Skip to main content
Civil Service

Introducing changes to staff

Posted by: , Posted on: - Categories: Leading and managing change

London Bridge Job Centre Plus evolution began in 2012 when it was selected to be a showcase office of the future. The principle of the change was to pave the way for DWP’s “Digital by Default” strategy, build capability of customers and highlight what the future holds for Job Centre Plus services. In the recent People Survey, this site scored 81% for Leading and Managing change, impressive when you think of the change programme that has been implemented.

We found out about becoming “Job Centre of the Future” in 2013; from day one we were in consultation with staff to shape our service. We described the principle of the change, to become a digital Job Centre Plus and to ensure that everything we delivered would support building capability of our customer base so that they have the skills to compete in an increasingly digital labour market.

During consultation with our staff we explained where staff could influence the new design. Apart from the hard lines, it was a blank canvas for people to input and share ideas about how to create a digital journey for our customers. We received a positive response from staff because we were asking them to create their office – this was not a management directive.

A few away days here and there meant that we could go off line to design our future site, focusing on the decision making that we did have in the office. Taking this time out allowed us to focus on how digital was going to add value to our delivery model, supporting not only the customers, providers and suppliers but our employees too.

Becoming digital meant that we had to build the capability of our staff so that they could effectively support our customers. Many of our staff had not completed a digital recruitment application before so they needed to understand the processes that our customers face in their job search.

As many of our staff members had been employed by the department for a while, they needed to understand what it is like to compete in a digital labour market and use enablers for example, Recruitment Websites, Twitter and Facebook. We were the first site to have Facebook (which offers a range of creative ways to contact JCP) and use Twitter to promote our services or any job vacancies. This helped to build capability in the office as people were more aware of the digital aspects of a job search.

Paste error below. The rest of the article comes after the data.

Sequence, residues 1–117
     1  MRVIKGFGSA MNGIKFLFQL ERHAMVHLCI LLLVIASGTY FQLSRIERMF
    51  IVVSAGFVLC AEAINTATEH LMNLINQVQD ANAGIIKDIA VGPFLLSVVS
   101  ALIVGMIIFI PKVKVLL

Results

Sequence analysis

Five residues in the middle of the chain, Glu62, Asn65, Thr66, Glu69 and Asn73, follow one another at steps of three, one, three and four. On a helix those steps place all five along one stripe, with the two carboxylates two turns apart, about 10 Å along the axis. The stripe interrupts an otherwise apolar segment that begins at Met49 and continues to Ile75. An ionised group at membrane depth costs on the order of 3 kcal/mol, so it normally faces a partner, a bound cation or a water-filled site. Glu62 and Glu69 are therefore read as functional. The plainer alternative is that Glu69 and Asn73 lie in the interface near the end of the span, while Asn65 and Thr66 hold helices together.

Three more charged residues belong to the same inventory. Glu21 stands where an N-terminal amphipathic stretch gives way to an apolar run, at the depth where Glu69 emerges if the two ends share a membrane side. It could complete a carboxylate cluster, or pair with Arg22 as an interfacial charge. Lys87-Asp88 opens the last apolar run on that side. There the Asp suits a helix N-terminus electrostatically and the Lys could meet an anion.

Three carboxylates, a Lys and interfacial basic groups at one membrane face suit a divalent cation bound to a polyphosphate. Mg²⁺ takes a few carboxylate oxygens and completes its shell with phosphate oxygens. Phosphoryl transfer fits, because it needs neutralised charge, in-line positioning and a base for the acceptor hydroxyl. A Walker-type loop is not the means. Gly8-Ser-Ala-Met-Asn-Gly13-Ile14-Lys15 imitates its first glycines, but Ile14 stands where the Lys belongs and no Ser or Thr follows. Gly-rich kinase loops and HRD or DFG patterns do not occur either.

Consultation from day one; our teams had a good knowledge of the labour market, we had experienced advisors who used this opportunity to put their ideas forward for implementation.

Our team members provide a service to our customers daily, therefore, we encouraged them to shape the customer journeys for each benefit. They worked together to create positive motivational posters to display around the office to boost the morale of our customers (and staff!) Staff suggested that posters and communications should be displayed in Universal Credit colours as this is the overarching change that we are working towards – this meant that we could connect with the Universal Credit change in advance.

When talking about how we present ourselves; our employees wanted to look professional as they deliver a professional service. Therefore, a suggestion for a dress code across the office was implemented. We purchased some scarfs for the ladies to match their office wear and men were encouraged to wear a shirt and tie. This has helped to encourage a sense of community in the office.

Sharing and comments

Share this page